In the morning we flew to Baltra Island where Galapagos’ airport sits on the former U.S. air base built during WWII to defend the Panama Canal. There we met Tanya, our licensed National Park guide for the whole trip. As expected, a good portion of the Galapagos adventure consisted of a lot of sight-seeing. The bus ride south included stops for hikes at geological features such as volcanic craters and locations known for having the huge Galapagos tortoises. These were the first of many great photo opportunities we had during the trip. (photo above)
The bus eventually dropped us off at the relatively new Galapagos Safari Camp that would be our base for sleeping, breakfasts and dinners for our stay in the islands. The main building serves as the lobby and main dining room; the sleeping facilities are heavy-duty tents on high raised platforms. Each tent contains hotel-grade beds, storage cabinets and a writing table. Each also has a complete private bath with its own propane water-heater and an outside deck with table and chairs. With the National Park bordering to the north, there are unobstructed views across the island all the way to the ocean. Superb meals were served in the dining room, prepared by their trained chef who talked to us before each meal explaining what we were going to be served. I had hoped to have Ecuadorian tamales some time on the trip. That wish was fulfilled as two of our breakfasts included them.
Our first full day featured visit to an organic coffee farm followed by an hour stop for swimming at beautiful Garrapatero Beach. We went into town for a typical Ecuador lunch at a restaurant in town. The first adventure was a speedboat trip to land on a white-sand beach with mangrove trees and numerous marine iguanas. While there, we did simple snorkeling with just the mask and tube, and then went on a nature hike to see the flora and fauna.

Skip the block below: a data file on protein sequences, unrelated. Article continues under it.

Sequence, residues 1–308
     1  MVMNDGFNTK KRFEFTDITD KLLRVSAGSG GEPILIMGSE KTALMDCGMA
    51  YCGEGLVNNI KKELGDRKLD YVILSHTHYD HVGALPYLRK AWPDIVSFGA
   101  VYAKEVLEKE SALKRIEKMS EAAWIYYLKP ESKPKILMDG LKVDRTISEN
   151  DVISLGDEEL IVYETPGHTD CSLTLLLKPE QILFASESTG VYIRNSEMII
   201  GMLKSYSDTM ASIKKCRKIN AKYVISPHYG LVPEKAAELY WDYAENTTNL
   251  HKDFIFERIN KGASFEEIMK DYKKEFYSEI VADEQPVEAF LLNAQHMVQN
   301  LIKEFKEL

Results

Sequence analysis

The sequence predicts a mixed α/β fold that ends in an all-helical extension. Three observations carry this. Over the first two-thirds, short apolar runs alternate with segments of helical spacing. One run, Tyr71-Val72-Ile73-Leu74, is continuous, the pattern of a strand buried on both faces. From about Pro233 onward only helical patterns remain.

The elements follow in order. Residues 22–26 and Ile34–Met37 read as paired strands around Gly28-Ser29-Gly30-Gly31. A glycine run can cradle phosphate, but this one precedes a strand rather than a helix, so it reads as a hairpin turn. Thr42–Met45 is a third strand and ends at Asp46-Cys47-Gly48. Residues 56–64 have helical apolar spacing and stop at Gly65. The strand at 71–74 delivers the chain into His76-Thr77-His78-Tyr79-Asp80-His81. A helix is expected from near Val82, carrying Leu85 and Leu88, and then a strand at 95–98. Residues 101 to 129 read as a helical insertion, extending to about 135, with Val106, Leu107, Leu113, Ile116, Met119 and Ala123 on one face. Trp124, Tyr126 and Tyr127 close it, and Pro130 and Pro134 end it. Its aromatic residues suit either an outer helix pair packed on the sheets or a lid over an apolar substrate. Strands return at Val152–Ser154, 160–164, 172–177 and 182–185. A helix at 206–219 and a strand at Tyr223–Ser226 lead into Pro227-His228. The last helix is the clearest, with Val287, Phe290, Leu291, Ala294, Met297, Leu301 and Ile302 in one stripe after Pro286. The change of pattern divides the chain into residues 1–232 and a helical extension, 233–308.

Our second day included several adventures, starting with a boat voyage to some small islands off the coast of Santa Cruz. There we saw crabs, sea lions, land iguanas and numerous types of sea birds. We hiked along the top of the cliffs and saw many birds nesting below us. I was happy to see a blue-footed boobie bird. The pelican-sized bird is white but its legs and webbed feet are bright blue. After lunch on the boat we sailed to a rocky area below a cliff where the water was calm. There we snorkeled with the full compliment of gear including wet-suit and flippers. The ocean was full of assorted fish with sea urchins below on the rocks. A couple friendly young sea lions joined us and showed off by turning summersaults in the water.
I have come to fully realize how great professionally guided Adventure Vacations can be. We had a very full schedule, saw and did many things, but the events happened on time and there was time to unwind between the end one adventure and the start another. Time was always available for taking photos, something very important to me. Meal breaks were at the appropriate hours without a rush to get back on a horse, bus or boat. We always had at least an hour back at our lodging before dinner to clean up, then after a leisurely meal, a comfortable area to relax and chat with others. If I had the ability to schedule transportation, activities and meals in a foreign country, this would have been exactly the way I would have wanted it. At age sixty-six, I had initially been concerned about my ability to do all the adventures and keep up with others. I discovered that the adventures on this trip were all geared toward the thrill rather than difficulty, for me “the toughest part is going home.”
By Jeremy Burnham
Part 1: My Adventures in Ecuador